TechSpot means tech analysis and advice you can trust. Read our ethics statement.
The European Commission in 2015 opened an antitrust investigation into Google's Android mobile operating system.
The commission said at the time that it would focus on three key aspects in its investigation including whether Google prevented hardware manufacturers from creating forked versions of Android, whether or not the search giant hindered the development and access of rival mobile apps and services by forcing OEMs to exclusively pre-install Google apps and services and finally, whether Google apps and services on Android devices have been bundled with other Google apps, APIs or services.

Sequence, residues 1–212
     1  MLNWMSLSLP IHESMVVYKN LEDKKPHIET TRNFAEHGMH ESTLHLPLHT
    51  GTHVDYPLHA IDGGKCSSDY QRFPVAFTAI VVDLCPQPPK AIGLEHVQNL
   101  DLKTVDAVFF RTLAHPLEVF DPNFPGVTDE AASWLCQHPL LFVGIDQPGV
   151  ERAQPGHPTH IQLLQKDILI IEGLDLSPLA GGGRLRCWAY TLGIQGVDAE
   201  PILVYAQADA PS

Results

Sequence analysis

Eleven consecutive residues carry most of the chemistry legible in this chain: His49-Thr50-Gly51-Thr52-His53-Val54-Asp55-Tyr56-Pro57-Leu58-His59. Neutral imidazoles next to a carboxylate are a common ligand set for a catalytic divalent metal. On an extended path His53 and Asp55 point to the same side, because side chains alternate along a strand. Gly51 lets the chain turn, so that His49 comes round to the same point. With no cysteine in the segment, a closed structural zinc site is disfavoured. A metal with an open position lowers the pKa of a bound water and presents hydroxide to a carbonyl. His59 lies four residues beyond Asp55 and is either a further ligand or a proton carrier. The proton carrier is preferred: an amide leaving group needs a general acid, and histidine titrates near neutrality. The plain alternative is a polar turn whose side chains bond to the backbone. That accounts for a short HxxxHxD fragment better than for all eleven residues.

Sources familiar with the matter tell Reuters that EU antitrust regulators are weighing a massive fine against Google regarding the aforementioned Android points and have set up a panel of experts to give the case a fresh look.
This peer review panel, sometimes called a devil's advocate, is typically comprised of three to four experienced officials tasked with combing over the case team's conclusions before a final decision is made.
The publication said it is unclear if the panel has started its review yet, a process that usually takes up to four weeks (but could run longer in this instance).
The European Commission last week hit the search giant with a record $2.7 billion fine over Google's alleged abuse of its dominant position in the shopping comparison / search results market.
Assuming the devil's advocate panel agrees with the commission's conclusion in the Android case, the European Commission could announce a ruling by the end of the year. A potential fine could be even higher than the $2.7 billion from a week ago.
Google in April reached an out-of-court settlement with the Russian Federal Antimonopoly Service relating to a similar dispute involving Android.